Canola fields with Table Mountain in the distance

Even though it was well into the heat of the mid-day with notable thermal activity, I flew most of the way with the trims wide open in great comfort – kudo’s on this round to MacPara for a fast and stable reflex wing, which is a pleasure to fly.  I was surprised to land with a fuel burn of only 6 liters after 90 minutes in the air.  Imagine my added pleasure when MaxPunkte spat out a 52km FAI triangle  – another first.   Leonardo tracklog here.

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Wonderful wild windy weather

The current storm crossing SA has brough with it some impressive weather – all sorts of warning and alerts are out for strong winds and 10+m swells. Close to home, Signal Hill on the NW side of Table Mountain is a favourite flying site for the north-westerlies, but not today. Note the 110km/h gust 😉

Real-time weather data for Signal Hill courtesy of, accesed 2012_0811 at 14h15. For current values, click the image.

Perspectives on why we fly PPG

Robbie Whittall is very well know in paragliding circles, and has been a world champion and record holder.  In this short video essay, he describes what makes him love powered paragliding.  The visuals are lovely, and I agree with the sentiments so wholeheartedly that I have to share it.  Enjoy.

Surreal Perspectives from White Cloud Productions NZ on Vimeo.

Fly alongside Rob Whittall as he soars above New Zealand’s West Coast with his Paramotor, in search of a little soul satisfaction. White Cloud Productions NZ joined forces with Rob to capture stunning images of Raglan and the surrounding area…presenting Surreal Perspectives.

Patience rewarded

Earl over launch at Wolfgat

Yesterday, though the forecast was very strong, when I had a look at the real time wind strengths at the airport and Muizenberg, I suspected that it would be flyable at Wolfgat (AKA Macassar).  I headed down there after alerting the lists, and was very pleasantly surprised to have Earl Valentine call me and come to join me.  It was quite special to have Earl along, as the last time he properly flew his glider was the day we were flying together at Dasklip, and he crashed with spinal injuries requiring a rescue, surgery and rehab.  We arrived to find it too strong (40-45km/h on the traditional launch; 38km/h at the beach), and so I took the dog for a walk and grabbed a nearby geocache.  After some intense parawaiting and talking rubbish (as we do), the wind began to drop.  By 17h15 it was 28km/h and very steady on the dunes, and 18km/h on the beach, so I volunteered to launch the Gradient Avax XC3 from the beach, walk it up the dune and see how things felt.  I was immediately flying, and soon joined by Earl on his Sol Synergy.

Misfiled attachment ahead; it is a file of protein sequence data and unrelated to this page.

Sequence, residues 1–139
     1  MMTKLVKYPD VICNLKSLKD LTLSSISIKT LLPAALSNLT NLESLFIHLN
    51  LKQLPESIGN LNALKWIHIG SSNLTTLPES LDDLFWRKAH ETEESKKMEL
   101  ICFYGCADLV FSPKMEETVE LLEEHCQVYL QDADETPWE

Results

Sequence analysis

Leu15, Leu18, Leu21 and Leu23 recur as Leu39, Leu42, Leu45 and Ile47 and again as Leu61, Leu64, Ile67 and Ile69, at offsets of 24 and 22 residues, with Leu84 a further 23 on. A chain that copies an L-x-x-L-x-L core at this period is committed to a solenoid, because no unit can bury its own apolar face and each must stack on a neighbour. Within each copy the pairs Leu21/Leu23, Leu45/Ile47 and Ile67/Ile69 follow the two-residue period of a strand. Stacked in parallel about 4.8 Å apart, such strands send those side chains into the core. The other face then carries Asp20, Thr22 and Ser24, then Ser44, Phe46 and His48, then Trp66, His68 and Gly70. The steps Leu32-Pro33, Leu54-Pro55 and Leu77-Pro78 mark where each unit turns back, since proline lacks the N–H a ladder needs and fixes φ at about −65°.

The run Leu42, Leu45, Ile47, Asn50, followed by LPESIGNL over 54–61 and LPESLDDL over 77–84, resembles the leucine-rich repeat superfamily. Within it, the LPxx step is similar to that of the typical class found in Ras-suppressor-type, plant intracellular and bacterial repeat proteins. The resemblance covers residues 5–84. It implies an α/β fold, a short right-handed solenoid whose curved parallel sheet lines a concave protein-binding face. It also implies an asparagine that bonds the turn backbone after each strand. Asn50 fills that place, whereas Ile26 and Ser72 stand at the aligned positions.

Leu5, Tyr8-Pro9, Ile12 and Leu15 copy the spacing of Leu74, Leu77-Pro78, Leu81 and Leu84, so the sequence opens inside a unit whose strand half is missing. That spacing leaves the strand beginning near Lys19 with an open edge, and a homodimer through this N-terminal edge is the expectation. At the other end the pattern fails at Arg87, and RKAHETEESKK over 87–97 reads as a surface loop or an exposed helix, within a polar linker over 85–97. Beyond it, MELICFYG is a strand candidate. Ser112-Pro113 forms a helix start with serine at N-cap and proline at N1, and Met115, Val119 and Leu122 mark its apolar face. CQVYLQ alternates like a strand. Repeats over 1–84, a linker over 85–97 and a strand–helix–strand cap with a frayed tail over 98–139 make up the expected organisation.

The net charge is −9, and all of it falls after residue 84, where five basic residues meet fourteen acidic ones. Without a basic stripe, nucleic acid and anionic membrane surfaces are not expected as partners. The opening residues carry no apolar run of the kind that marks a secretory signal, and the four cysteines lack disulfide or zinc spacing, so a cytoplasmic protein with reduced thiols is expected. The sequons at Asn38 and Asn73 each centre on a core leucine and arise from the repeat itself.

Continue reading Patience rewarded

Winter Flying – Kings of Llandudno

One of the Cape’s least appreciated but most consistent winter flying sites sits above the up-market coastal ‘suburb’ of Llandudno, on the western seaboard.  Launch is from the slopes of Little Lion’s Head, and offers beautiful soaring and some interesting XC technical opportunities – I’ve flown 20km in either direction, which is a fun challenge.  It’s a place to go soar with the laminar per-frontal nor’westerly, smell the damp fynbos, and play with the orographic clouds.  Despite its raw beauty, most pilots shun Llandudno for the more convenient Signal Hill locked in the city, and so I’ve been campaigning for years to get more pilots to fly here.  My mate and fellow wanderer put together this great little video showing what Llandudno can deliver.  Enjoy 🙂

The Kings of Llandudno from MARX Films on Vimeo.